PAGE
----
10 Changes That Would Have Saved The Hobbit

The Hobbit should have been a standalone story.

The Hobbit Tauriel
New Line Cinema

The Lord of the Rings will go down in history as one of the greatest book to film adaptions ever undertaken. When J.R.R. Tolkien released The Lord of the Rings in 1954, it soon became a cultural phenomenon. He flipped the fantasy genre on its head. People began to realise that fairy tales weren't merely for getting children to sleep, they could be epic stories that struggled with the dichotomy of good and evil, imparting moral lessons, as well as being a source of entertainment.

Adapting this story for the big screen was a huge undertaking, but through care, dedication and respect for the source material, Peter Jackson and his team pulled it off. After the success of the movies it was only a matter of time before the Hobbit would get a similar treatment.

The book of the Hobbit is a far less complex story than the Lord of the Rings, and therefore should have been far easier to adapt to the big screen. So when it was announced we'd get another cinematic trip to Middle-earth fans had little to no reservations.

So what went wrong? The short answer: EVERYTHING.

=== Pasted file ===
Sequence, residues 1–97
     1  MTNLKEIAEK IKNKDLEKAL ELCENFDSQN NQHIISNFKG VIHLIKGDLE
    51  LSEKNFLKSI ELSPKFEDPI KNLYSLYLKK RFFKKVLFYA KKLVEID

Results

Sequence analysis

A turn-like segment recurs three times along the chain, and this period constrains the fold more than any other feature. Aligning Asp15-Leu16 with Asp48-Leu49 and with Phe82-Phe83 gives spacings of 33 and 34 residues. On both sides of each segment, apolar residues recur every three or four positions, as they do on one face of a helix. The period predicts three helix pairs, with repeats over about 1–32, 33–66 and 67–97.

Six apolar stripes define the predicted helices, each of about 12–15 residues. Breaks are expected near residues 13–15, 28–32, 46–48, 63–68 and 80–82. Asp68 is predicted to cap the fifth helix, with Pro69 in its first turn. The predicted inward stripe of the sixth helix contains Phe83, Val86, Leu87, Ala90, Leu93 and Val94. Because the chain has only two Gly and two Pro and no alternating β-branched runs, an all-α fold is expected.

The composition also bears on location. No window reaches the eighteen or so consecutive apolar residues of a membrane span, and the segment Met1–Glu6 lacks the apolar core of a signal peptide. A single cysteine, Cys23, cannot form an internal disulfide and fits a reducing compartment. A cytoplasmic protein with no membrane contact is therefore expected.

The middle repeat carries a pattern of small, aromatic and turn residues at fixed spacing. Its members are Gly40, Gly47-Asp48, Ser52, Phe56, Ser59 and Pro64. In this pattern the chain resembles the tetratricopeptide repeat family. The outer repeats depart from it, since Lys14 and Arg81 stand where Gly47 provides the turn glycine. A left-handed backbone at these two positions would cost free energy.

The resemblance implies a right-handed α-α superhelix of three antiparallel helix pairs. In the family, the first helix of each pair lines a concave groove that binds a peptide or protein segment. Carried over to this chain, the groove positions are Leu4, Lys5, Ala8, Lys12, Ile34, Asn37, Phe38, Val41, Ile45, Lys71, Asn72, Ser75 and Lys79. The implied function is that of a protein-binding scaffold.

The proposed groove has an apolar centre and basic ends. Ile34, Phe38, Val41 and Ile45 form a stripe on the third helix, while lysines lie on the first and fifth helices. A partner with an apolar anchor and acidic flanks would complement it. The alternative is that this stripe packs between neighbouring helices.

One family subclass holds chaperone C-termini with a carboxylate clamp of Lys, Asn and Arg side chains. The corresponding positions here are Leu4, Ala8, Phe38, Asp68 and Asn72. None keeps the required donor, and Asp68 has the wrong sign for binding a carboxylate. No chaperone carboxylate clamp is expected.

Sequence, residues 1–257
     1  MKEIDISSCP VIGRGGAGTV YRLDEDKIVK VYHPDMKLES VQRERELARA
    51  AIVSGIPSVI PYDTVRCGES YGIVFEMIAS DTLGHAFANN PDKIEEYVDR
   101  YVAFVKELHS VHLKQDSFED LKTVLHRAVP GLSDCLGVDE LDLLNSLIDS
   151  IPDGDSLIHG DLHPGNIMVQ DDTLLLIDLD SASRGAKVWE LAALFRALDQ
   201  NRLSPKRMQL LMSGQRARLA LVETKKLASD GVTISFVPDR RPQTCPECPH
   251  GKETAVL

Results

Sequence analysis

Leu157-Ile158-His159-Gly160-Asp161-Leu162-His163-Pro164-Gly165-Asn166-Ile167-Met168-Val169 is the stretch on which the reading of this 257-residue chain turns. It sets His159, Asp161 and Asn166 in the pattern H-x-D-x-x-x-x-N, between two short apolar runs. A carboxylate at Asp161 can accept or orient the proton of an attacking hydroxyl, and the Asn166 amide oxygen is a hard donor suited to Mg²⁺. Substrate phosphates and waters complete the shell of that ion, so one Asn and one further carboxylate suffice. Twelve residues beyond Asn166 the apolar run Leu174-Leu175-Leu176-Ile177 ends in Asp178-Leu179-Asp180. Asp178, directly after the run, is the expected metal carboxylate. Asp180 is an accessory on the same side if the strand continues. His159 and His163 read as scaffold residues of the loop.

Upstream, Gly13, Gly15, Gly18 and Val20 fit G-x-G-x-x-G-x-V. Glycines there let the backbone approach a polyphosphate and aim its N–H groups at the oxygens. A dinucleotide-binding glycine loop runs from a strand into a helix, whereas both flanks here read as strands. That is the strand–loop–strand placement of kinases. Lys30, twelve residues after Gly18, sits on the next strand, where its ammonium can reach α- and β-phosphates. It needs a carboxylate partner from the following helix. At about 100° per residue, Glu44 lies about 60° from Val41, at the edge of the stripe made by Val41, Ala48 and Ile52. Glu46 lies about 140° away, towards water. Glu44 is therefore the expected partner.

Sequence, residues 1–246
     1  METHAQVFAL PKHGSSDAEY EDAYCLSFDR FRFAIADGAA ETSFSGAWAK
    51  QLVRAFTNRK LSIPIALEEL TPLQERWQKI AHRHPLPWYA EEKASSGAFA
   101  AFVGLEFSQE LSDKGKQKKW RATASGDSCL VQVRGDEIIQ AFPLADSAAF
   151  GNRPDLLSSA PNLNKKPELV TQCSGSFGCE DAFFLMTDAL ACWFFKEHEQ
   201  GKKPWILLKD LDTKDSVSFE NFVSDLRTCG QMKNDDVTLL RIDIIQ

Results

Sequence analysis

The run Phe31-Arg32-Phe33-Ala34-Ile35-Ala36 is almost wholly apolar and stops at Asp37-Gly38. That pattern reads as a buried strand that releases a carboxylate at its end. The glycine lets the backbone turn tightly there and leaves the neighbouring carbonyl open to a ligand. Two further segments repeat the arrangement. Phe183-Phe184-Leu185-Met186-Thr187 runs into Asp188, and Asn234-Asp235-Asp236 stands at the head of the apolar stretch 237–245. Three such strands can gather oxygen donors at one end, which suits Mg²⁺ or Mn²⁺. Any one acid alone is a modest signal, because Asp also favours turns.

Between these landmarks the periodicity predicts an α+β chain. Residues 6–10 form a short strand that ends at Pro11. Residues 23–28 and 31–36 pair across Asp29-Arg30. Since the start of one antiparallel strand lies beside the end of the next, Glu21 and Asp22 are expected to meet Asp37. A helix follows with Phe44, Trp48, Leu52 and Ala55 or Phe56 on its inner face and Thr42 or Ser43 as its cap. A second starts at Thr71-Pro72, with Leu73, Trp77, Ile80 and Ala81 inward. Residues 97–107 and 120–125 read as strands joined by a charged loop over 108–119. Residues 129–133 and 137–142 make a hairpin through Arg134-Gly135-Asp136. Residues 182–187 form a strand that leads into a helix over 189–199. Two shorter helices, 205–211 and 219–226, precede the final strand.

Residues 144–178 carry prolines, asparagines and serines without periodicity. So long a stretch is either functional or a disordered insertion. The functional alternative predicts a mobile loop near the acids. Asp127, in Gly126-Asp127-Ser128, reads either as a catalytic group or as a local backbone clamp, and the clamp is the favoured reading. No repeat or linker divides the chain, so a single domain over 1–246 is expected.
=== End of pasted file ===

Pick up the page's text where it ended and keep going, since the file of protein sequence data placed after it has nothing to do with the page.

10. Not Making It A Prequel

The Hobbit Tauriel
Fox Searchlight Pictures

The Lord of the Rings was released some 20 years after The Hobbit, and although it expanded the world of Middle-earth, narratively and thematically speaking, it wasn't a sequel. The Hobbit was an adventure story for children, about Bilbo's quest to reclaim a mound of lost treasure. The planned sequel become something else entirely - a grand and epic tale for adults, about the struggle between good and evil. Tolkien even stated that The Lord of the Rings was not the true sequel to the Hobbit, but to the Silmarillion.

Although Bilbo's Ring later turned out to be the One, this is irrelevant in the Hobbit, the same is true of the Necromancer being Sauron. Tolkien just used these plot points to tie his two stories together, but the central conflict in the Hobbit has nothing to do the central conflict in The Lord of the Rings. In his expanded writings, Tolkien did lay out that Gandalf was motivated to help the dwarves slay Smaug - because he was afraid Sauron would recruit him to his cause - but again this was a supplementary piece of information, rather than a key plot point in the Hobbit story.

Instead of Peter Jackson treating The Hobbit like the standalone story it is, he shoehorned in all these aspect, to make it seem like Sauron's bid for world domination was intrinsically linked to Bilbo's story - and it just wasn't.


Before engrossing myself in the written word, I spent several years in the TV and film industry. During this time I became proficient at picking things up, moving things and putting things down again.